This is a crucial time of year for the subconscious emotion business, otherwise known as the fragrance industry. In the two months up to Christmas, the perfume counters of the department stores traditionally make up to 50 per cent of their annual sales, as they market fantasies by the thousand.
New perfumes are launched every month, but the most recent phenomenon is the repackaging and relaunching of classic old names. The theory is that the long-established names have proved their worth over the years. All they need is a brisk presentational spring clean for the modern generation.
Polly Sellar, beauty editor of Vogue, says: 'It's a way of keeping the classic scents alive. Fragrance companies need to remind people that the old names are still as good as ever.'
It also saves them the heavy costs of researching, developing, and marketing a new product, which can run into tens of millions of pounds.
And so this Christmas sees the rebirth of Miss Dior, a fragrance first launched in 1947 when Christian Dior's New Look was the talk of the fashion world. Forty-five years on, the scent remains the same, but the black-and-white houndstooth box has been redesigned in white with houndstooth texture and pearl-grey trim, and the glass flacon is now embossed in houndstooth. Meanwhile, Parfums Christian Dior is spending a hefty 45m French francs ( pounds 5.6m) on advertising its revamped product in Europe alone.
Also relaunched recently is the ultra-expensive Joy de Jean Patou, first marketed in 1930. The new magazine advertising campaign depicts a young woman jumping for . . . well, joy. It is pitched directly at a younger customer, trying to rejuvenate the image of a fragrance traditionally bought by middle-aged women.
An even older perfume enjoying a new life is Soir de Paris. Launched in 1929, it was translated into English (Evening in Paris) for the British market - until this autumn, when the French name was restored, presumably in the belief that British women will find it that little bit more sophisticated.
Relaunches are not a guaranteed way of boosting sales. Within the trade, it is accepted that the recent revival of Vent Vert, a Balmain scent dating from 1947, was a mixed success. More encouraging was the relaunch of Y, Yves Saint Laurent's fragrance from 1964, repackaged in a white vellum box that is thought to impart a new sophistication to the product. The biggest relaunch planned for next year is expected to be Lanvin's 1927 Arpege.
If this sounds like an unsophisticated con trick, it is a remarkably effective one. Recent research has revealed the extent to which women (and men, for that matter) are seduced into buying a fragrance by the packaging and image. The smell itself often comes low on the list of priorities.
The research confirms what marketing executives in the pounds 240m-a-year industry have been saying for years: what consumers buy is not the scent but what it stands for. The woman who buys Joy believes that she is acquiring not simply a classic fragrance, but also a stake in a legend, an entry into a fantasy world of sophistication and elegance.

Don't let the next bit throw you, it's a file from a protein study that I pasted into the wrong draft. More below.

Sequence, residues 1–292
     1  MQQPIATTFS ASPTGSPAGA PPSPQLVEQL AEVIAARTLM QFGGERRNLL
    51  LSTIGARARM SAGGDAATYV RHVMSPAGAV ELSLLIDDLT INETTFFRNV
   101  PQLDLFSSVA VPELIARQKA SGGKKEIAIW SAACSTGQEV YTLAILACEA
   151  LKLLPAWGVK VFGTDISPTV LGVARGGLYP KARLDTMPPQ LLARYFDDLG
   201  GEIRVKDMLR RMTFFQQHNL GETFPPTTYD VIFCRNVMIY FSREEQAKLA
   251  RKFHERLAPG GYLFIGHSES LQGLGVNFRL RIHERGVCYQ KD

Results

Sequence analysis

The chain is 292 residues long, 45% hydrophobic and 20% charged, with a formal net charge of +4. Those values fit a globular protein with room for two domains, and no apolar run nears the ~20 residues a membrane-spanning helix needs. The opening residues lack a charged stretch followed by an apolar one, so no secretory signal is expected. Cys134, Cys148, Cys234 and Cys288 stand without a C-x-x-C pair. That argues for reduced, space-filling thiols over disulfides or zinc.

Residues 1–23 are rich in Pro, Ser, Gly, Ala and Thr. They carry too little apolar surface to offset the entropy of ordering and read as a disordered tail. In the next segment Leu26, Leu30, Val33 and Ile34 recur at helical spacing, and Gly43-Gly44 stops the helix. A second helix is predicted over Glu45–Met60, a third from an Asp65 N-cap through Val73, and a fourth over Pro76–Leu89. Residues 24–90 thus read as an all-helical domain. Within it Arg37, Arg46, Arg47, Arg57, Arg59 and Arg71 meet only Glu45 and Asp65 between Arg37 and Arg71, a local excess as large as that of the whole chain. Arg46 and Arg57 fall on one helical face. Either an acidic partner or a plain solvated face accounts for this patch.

A survey team working in Munich and Gottingen, Germany, asked women to give their opinions about unidentified fragrances, then tested responses to exactly the same perfumes once the packaging and name had been identified. One unidentified scent was dubbed 'strong', 'overpowering' and 'sweet'. But when it was revealed as White Linen, a perfume that is sold in distinctive white-and-blue packaging, radically different reactions were recorded. Now this strong, overpowering scent was judged 'light' and 'unobtrusive'.
Likewise, the scent of Opium was considered to be far less 'sensual' when tested by itself than when accompanied by the deep red and purple packaging. And the researchers noted that approval ratings for Chanel No 5, Loulou and Ysatis shot up when the brand names were identified.
Why don't perfume companies ensure that scent and image marry more closely? This is precisely the direction in which the industry is heading. Ivor Shalofsky, director of market research at Firmenich, a Swiss firm, points out that the industry has been rather like the fashion business: 'Neither is characterised by a very systematic marketing approach. New fashions are created not as a response to the needs of the consumer, but rather from the ideas of designers.'
Altering the smell of a long-established scent is risky, but many perfume houses are doing precisely that. The strong lemon of Monsieur Balmain, a scent for men, was recently softened by adding a woody element. In 1990, Rochas revamped its celebrated Femme scent. The company called in Edmond Roudnitska, the 'nose' who devised the original fragrance in 1944, to update his creation for a modern woman. 'Nothing was subtracted,' said an insider at Rochas, 'but he tweaked the peach and plum top notes.' Femme doubled sales worldwide within a year.
Now, perfume researchers are trying to come to a closer understanding of the requirements of their customers. Groups of 'average' women are being invited to free-associate about their desires and fantasies. From these encounters, the fragrances of the future will evolve.
(Photographs and graphic omitted)